Let’s revisit where we started, that book you read and agreed with but concluded “it didn’t work.” That is how these early believers would have felt about their Bible. They read it. They liked it. But it didn’t seem to be working; their life was still hard and getting worse.
James is writing to tell them why. Pause. Think about all the ways that first sentence of this paragraph can be ministered in unhelpful ways. The most helpful thing we can glean from this reflection on James 2 is to understand what James was and was not saying.
James was not saying, “You were persecuted and faced financial-social oppression in your new cities because you expressed faith without works.” Persecution and oppression were suffering. Whatever imbalance in faith and works these believers were guilty of did not create the major problems in their life. James was not turning the moral table on them. He was not saying their suffering was their fault.
James was saying, “Amid this hardship you are neglecting to express your faith in works by loving your neighbor as yourself, and this is creating division between you and your follow believers, as well as creating a sense of distance between you and God. Your sin is adding to your loneliness amid your suffering.” We’ll see this theme emerge again in James 4. James wasn’t saying their sin is why their life was hard; he was saying their sin was making their hard times harder.
In effect, this passage is portraying God like a parent trying to care for a child with a sharp cut. The child is hurting, but in their pain, is pulling away from the parent and refusing to cooperate. James asks, “Do you trust God?” The reader says, “Yes.” Metaphorically, James replies, “If you don’t let God see the cut, then your actions refute your words. Your words are right and could lead to care, but you’ll have to bring those dead, useless words to life by acting on them to receive the comfort you desire. God wants to give it. You must actively trust him to receive it.”
We honor this passage best by reflecting on two question: Where in our life are we the hurt child, who is beginning to rebel and pull away because of our suffering? And, in those situations, what would it look like for us, by faith, to extend that area of pain to God for his comfort and care?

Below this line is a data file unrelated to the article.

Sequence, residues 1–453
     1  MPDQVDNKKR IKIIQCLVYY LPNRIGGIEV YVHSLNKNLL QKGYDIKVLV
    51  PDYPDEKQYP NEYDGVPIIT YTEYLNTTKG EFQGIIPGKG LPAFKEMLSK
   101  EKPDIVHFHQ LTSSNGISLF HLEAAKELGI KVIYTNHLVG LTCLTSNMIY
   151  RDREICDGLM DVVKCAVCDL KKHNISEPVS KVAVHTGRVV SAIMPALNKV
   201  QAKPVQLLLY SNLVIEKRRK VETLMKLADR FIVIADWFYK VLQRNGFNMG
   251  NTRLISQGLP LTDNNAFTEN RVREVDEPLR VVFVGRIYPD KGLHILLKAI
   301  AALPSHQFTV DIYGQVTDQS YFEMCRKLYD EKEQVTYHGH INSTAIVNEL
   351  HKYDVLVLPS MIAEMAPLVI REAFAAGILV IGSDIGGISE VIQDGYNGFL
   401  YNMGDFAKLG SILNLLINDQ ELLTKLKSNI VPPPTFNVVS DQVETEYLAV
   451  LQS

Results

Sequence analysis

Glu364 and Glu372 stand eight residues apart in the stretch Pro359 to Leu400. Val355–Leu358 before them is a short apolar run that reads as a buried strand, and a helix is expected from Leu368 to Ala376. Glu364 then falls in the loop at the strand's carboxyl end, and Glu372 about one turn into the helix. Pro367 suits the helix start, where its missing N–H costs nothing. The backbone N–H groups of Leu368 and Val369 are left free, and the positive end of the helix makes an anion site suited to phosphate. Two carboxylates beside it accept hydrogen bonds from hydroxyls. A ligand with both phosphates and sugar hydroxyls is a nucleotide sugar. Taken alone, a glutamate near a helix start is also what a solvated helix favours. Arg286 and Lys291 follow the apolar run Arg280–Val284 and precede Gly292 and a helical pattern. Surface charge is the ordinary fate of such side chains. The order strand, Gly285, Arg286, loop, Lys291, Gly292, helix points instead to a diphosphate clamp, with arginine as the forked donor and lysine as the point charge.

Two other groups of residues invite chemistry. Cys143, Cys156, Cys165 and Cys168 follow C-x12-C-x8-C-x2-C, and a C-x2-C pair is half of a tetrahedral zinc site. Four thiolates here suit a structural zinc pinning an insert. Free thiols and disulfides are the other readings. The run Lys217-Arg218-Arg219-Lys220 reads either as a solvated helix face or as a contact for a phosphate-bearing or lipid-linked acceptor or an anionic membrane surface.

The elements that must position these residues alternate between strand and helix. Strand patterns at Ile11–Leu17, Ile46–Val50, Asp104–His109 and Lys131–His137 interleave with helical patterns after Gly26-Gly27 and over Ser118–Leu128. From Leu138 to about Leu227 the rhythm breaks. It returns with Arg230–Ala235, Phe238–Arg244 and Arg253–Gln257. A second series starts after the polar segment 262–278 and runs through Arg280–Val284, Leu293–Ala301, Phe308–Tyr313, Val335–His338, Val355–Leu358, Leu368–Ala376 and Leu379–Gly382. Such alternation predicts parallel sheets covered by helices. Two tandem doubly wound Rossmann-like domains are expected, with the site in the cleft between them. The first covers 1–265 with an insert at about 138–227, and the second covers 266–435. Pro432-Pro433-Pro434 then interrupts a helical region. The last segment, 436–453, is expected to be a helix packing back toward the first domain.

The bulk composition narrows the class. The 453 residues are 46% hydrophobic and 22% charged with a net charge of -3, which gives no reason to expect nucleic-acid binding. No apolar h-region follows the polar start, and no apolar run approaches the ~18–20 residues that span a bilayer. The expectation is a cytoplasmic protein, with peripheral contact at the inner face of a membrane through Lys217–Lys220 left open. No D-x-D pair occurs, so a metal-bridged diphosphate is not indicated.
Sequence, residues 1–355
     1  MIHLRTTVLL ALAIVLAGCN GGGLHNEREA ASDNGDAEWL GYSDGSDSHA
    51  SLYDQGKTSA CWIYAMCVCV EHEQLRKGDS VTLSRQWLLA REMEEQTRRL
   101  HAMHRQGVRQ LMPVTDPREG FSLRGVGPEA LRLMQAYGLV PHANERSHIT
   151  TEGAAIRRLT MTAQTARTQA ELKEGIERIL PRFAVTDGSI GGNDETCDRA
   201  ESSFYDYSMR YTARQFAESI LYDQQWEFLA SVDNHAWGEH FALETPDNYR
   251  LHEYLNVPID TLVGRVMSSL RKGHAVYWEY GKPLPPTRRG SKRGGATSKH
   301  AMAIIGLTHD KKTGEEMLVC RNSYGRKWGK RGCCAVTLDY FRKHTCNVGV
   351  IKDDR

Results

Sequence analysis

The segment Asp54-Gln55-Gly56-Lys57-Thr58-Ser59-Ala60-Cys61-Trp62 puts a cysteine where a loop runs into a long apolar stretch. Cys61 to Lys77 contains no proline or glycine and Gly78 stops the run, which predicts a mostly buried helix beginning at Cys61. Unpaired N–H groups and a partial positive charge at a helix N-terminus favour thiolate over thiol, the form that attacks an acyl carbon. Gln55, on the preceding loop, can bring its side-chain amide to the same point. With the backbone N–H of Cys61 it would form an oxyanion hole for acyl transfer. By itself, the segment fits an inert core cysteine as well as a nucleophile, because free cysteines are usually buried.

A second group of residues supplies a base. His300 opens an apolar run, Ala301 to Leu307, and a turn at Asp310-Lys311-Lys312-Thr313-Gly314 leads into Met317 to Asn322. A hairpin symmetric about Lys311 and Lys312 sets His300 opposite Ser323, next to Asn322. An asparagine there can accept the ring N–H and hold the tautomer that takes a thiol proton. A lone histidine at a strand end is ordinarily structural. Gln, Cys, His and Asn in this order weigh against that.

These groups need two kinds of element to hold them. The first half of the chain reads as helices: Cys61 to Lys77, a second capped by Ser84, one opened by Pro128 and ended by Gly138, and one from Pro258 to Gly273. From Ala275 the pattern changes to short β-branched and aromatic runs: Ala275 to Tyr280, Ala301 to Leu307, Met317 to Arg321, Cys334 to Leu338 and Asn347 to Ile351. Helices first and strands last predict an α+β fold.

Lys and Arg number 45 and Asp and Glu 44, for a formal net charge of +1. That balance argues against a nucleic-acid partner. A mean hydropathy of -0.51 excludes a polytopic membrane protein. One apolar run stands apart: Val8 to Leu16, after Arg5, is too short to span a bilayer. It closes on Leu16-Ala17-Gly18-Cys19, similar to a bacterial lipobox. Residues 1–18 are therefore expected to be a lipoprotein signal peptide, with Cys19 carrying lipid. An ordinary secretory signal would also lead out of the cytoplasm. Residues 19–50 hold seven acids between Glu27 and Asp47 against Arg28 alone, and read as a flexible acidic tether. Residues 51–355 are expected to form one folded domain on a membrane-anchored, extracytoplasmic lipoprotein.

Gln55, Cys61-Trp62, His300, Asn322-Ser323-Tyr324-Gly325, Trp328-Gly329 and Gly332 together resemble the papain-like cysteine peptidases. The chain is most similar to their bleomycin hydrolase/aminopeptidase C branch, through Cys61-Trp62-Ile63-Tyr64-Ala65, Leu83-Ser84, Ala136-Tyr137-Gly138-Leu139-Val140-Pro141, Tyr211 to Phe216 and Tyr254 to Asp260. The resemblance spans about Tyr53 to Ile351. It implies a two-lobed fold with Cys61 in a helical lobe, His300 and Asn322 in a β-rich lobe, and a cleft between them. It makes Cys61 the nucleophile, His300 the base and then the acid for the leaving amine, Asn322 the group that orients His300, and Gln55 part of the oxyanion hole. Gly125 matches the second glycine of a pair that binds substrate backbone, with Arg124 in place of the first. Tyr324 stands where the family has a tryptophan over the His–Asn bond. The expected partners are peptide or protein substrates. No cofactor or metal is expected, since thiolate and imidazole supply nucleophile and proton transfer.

- What is your best “it didn’t work” example of understanding alone being insufficient?
- When have you been on the receiving end of “warm words and fond aspirations” that were not followed up by actions? How did this impact your response to the right beliefs summarized in those warm words?
- What aspects of the Christian faith are you most prone to leave at “warm words and fond aspirations” without following through with actions? Who is impacted by these choices?
- As you compare yourself to the culture around you, what are the areas of belief and morality that tempt you towards pride (like monotheism did for James’ readers)?
- What is a situation where you need to display “tender courage” in your counsel of a friend or family member? What is the progression of growth for them? What would the markers indicate your friend is ready to take the next step in that progression?
- How would you answer the final question, “Where in your life are you the hurt child, who is beginning to rebel and pull away because of suffering? And, in those situations, what would it look like for you, by faith, to extend that area of pain to God for his comfort and care?”
* * * This article is part of a series entitled A Counseling Commentary on James.
* * * If you enjoyed this article, you may also be interested in my series A Counseling Commentary on Philippians.